Cost-centre or investment?

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The share of IT budgets being spent on IT security is growing, reaching almost a quarter (23 per cent) of IT budgets in large corporations; according to a new study from the IT security product company Kaspersky Lab, and B2B International. The average cost of a cybersecurity incident is growing, according to the report ‘IT Security: cost-center or strategic investment?’.

While security appears to be receiving a larger proportion of the IT budget pie, the pie itself is getting smaller. For example, the average IT security budget for enterprises in absolute terms dropped from £19.2M ($25.5M) last year to £10.3M ($13.7M) in 2017. SMBs had to pay up to £106K ($140K) for incidents affecting infrastructure hosted by a third party, while enterprises lost nearly two million dollars (£1.5M) as a result of breaches affecting suppliers that they share data with, and $1.6M (£1.2M) because of IaaS-providers’ insufficient levels of protection.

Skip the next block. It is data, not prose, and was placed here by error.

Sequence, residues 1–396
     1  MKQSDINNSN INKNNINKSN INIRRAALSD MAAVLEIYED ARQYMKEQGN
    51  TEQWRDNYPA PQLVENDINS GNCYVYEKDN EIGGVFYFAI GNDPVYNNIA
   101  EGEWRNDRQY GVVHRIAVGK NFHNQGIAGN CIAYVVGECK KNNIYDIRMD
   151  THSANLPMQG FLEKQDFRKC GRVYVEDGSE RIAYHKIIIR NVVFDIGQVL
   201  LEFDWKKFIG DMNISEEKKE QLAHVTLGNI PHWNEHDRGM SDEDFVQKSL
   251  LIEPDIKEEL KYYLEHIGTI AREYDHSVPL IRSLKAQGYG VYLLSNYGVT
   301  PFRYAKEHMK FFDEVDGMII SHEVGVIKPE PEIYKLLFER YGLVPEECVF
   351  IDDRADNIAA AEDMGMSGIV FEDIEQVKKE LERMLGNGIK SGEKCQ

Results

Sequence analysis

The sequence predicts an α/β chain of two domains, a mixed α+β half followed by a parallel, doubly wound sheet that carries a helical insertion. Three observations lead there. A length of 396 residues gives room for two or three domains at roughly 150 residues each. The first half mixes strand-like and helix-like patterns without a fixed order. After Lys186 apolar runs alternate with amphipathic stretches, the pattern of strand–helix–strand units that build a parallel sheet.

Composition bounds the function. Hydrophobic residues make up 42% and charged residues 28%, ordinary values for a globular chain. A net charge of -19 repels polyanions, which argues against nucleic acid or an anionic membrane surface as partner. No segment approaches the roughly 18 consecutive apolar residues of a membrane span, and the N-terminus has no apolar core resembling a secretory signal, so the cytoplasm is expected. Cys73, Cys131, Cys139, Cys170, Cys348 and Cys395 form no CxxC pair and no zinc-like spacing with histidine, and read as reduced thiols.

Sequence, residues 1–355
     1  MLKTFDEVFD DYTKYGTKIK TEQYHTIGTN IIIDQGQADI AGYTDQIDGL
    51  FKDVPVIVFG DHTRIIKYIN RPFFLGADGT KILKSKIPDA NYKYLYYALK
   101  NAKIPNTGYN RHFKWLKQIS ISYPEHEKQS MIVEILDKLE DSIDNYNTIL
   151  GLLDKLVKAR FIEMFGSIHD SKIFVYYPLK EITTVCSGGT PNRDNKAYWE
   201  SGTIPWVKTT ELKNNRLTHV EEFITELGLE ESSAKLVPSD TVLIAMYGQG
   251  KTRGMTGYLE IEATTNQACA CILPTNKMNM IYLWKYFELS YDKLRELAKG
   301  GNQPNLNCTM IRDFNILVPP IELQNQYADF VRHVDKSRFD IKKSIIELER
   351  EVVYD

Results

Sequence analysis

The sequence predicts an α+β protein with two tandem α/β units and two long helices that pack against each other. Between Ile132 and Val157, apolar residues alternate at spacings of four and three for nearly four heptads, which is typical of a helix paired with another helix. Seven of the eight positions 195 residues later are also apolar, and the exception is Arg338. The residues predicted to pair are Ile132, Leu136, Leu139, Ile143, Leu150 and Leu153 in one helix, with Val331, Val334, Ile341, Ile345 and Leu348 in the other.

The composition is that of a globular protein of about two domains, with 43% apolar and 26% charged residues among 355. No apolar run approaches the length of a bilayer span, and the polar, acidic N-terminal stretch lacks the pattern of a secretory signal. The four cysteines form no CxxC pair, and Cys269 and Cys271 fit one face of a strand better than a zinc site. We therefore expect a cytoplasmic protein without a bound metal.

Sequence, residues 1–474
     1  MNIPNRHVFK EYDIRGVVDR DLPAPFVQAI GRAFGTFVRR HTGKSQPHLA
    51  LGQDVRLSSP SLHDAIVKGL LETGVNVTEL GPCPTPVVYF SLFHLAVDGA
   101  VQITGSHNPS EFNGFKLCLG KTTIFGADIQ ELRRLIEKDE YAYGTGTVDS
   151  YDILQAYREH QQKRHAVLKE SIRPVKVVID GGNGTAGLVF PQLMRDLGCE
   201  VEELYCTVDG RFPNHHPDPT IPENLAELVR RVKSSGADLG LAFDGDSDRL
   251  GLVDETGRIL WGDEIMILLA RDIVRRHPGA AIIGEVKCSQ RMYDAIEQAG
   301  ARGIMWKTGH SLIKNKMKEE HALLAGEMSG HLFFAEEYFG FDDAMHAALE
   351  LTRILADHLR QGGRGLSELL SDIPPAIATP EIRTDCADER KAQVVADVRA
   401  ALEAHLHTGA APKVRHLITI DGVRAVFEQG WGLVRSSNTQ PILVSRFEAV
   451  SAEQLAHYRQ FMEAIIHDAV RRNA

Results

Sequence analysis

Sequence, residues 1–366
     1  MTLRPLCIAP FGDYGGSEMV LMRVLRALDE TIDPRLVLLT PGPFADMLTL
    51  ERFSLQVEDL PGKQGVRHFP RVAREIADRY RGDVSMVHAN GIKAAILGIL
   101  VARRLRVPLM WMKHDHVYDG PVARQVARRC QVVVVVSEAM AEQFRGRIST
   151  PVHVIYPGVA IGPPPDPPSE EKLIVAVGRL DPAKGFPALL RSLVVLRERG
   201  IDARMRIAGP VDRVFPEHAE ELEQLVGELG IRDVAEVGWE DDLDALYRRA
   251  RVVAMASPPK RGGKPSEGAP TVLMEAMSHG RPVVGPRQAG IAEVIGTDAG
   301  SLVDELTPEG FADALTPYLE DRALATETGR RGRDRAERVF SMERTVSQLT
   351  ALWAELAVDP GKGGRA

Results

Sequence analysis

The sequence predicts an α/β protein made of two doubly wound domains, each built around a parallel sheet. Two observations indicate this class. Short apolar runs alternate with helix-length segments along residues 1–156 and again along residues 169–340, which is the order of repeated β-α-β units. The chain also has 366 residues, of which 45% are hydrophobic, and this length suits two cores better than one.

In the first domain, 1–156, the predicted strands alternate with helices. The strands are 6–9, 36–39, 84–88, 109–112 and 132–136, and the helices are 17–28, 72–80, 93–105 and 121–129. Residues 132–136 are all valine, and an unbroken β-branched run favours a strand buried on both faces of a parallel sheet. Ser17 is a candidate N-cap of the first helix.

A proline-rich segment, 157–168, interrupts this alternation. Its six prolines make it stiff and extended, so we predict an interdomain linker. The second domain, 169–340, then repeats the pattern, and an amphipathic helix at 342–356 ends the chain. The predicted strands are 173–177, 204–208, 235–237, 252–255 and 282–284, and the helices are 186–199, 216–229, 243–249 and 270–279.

As soon as a business gives another organisation access to its data or infrastructure, weaknesses in one may affect them both. This issue is becoming increasingly important as governments rush to introduce new data protection and privacy laws, requiring organisations to provide information about how they share and protect personal data.

Alessio Aceti, Head of Enterprise Business Division at Kaspersky Lab, says: “While cybersecurity incidents involving third parties prove to be harmful to businesses of all sizes, their financial impact on a company has the potential to result in twice as much damage. This is because of a wider global challenge – with threats moving fast, but businesses and legislation changing slowly. When regulations like GDPR become enforceable and catch up with businesses before they manage to update their policies, the fines for non-compliance will further add to the bill.”

For the report in full visit